Oct 8 (Reuters) - Foreign investors remained net sellers of Japanese equities last week on rising uncertainty about the U.S. presidential elections and concerns over the resurgence of coronavirus casesin several parts of the world.
Data from Japanese exchanges showed foreigners were net sellers of stocks worth 753.73 billion yen for the week ended Oct. 2, the biggest since mid-March.
They sold 696.58 billion yen worth of derivatives, and 57.15 billion yen in cash equities markets.
Japanese stocks, which tend to benefit when global investors are willing to take higher risks, dropped last week after a combative debate between President Donald Trump and Democrat Joe Biden increased concerns about an indecisive election outcome.
Also, surging coronavirus cases in Europe, which prompted new restrictions in several parts further curbed risk appetite.
Overall, flows into Asian stocks, including Japan, have not really recovered since the heavy selling in March, analysts said. However, some were confident that inflows would improve in coming months.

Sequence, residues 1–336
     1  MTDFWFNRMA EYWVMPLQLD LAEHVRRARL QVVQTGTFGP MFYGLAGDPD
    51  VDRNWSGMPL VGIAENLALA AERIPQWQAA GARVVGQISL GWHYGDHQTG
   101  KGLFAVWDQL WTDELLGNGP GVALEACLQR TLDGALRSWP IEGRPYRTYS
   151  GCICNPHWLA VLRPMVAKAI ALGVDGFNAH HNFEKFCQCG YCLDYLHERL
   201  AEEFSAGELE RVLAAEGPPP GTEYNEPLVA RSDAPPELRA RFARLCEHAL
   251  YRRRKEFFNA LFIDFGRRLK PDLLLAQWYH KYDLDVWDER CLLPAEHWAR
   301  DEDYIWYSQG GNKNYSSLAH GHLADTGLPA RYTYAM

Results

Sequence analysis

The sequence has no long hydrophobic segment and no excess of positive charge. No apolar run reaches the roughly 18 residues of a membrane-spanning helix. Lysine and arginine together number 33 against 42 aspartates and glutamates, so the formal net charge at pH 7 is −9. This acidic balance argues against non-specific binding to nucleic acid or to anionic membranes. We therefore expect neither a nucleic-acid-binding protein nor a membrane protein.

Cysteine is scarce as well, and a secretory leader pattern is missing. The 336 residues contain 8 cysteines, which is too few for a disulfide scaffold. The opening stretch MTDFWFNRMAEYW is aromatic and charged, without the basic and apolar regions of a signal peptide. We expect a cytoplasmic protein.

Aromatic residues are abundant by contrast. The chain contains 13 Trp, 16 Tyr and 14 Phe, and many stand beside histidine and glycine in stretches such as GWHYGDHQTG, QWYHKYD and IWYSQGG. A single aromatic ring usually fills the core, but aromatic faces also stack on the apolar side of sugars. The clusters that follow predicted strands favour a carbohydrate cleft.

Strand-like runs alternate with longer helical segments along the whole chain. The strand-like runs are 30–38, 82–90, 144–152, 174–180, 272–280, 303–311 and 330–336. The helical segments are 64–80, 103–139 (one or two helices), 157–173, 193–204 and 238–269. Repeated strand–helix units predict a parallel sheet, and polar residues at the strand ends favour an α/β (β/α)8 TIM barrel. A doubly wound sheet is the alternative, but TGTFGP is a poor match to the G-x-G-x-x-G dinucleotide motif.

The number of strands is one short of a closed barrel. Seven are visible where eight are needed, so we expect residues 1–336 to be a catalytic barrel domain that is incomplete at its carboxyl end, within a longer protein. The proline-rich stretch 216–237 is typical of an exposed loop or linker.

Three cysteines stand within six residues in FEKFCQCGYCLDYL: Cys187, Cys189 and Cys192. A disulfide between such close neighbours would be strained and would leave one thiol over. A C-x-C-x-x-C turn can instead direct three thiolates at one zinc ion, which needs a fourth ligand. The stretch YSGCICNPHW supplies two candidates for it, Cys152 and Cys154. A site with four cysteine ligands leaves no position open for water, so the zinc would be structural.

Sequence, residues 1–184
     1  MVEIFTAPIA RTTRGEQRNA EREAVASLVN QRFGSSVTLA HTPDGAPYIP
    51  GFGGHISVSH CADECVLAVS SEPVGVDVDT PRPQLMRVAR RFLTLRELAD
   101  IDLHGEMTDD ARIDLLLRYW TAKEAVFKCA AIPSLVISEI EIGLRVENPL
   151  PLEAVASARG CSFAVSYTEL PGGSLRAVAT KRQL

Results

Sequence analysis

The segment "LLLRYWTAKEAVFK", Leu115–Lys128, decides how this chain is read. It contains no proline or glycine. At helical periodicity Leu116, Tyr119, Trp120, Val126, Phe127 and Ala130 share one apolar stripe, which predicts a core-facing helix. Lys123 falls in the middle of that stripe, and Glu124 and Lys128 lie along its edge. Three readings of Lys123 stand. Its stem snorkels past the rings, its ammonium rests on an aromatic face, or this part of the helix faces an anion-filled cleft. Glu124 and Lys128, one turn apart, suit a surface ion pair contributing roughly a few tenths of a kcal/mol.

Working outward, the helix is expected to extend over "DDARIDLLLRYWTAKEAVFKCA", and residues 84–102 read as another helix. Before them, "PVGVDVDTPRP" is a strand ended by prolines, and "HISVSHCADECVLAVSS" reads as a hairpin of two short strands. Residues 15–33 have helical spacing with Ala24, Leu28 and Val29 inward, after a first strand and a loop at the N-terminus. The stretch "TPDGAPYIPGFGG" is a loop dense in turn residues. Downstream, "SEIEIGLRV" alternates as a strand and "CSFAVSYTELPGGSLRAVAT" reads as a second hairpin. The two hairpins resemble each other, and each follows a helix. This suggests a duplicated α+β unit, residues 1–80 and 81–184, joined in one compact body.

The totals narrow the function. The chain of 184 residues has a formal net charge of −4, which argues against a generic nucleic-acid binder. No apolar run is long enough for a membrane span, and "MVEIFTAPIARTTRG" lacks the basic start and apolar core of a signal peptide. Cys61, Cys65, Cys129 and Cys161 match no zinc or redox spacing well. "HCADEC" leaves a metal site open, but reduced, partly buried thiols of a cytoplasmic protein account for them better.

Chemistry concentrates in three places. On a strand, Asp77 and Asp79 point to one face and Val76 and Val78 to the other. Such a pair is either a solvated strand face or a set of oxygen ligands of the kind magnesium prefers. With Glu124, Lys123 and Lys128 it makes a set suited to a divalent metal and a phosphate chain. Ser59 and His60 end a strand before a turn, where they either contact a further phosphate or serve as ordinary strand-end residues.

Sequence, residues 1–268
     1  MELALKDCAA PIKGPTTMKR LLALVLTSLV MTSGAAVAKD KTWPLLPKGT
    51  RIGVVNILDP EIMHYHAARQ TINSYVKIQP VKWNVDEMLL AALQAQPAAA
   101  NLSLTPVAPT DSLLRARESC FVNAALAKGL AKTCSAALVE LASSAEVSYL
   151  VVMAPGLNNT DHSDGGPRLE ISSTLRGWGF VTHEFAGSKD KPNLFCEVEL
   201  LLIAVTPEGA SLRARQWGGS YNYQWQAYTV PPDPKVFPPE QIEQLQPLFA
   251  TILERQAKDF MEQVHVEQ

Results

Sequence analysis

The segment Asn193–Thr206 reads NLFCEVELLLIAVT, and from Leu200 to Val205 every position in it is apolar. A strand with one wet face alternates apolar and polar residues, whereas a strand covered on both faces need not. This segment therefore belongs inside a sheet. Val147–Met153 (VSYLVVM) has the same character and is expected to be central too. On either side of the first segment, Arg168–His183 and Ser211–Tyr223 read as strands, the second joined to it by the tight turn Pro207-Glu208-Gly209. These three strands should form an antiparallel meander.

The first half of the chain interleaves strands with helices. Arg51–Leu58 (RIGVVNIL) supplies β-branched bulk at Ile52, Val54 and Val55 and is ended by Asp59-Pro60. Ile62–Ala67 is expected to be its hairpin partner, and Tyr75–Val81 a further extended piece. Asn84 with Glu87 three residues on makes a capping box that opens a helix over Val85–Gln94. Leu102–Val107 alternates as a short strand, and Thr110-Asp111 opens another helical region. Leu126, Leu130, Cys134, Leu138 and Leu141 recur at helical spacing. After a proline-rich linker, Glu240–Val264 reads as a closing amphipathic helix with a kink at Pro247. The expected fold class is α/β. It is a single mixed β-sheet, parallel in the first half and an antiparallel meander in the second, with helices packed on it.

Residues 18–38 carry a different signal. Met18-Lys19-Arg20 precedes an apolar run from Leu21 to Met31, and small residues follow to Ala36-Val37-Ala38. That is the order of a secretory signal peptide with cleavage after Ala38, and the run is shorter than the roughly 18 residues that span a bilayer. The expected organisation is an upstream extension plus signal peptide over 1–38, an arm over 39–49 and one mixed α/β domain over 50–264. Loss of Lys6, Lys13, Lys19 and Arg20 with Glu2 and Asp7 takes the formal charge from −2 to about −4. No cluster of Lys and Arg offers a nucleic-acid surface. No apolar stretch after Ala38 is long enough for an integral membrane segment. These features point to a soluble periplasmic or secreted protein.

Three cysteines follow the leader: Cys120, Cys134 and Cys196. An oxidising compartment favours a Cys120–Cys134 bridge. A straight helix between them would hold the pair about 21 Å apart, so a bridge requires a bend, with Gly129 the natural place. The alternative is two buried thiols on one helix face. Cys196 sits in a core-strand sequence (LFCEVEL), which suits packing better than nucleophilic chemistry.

“Assuming we see some positive headline on the vaccine front and/or uncertainty from U.S. elections ebbs within the next couple of months, we should expect the outlook for foreign flows (into Asia) to get incrementally better from here,” said Chetan Seth, equity strategist at Nomura.
Japan’s Topix index fell 1.55% last week, while its Nikkei share average shed 0.75%, marking a third straight week of decline.
Both indexes have gained over 2% this week as hopes for a partial deal on U.S. coronavirus stimulus helped restore investor confidence.
On the other hand, Japanese investors sold overseas equities worth a net 57.3 billion yen last week, marking a fourth successive week of net selling, finance ministry data showed.
Reporting by Gaurav Dogra and Patturaja Murugaboopathy; Editing by Simon Cameron-Moore
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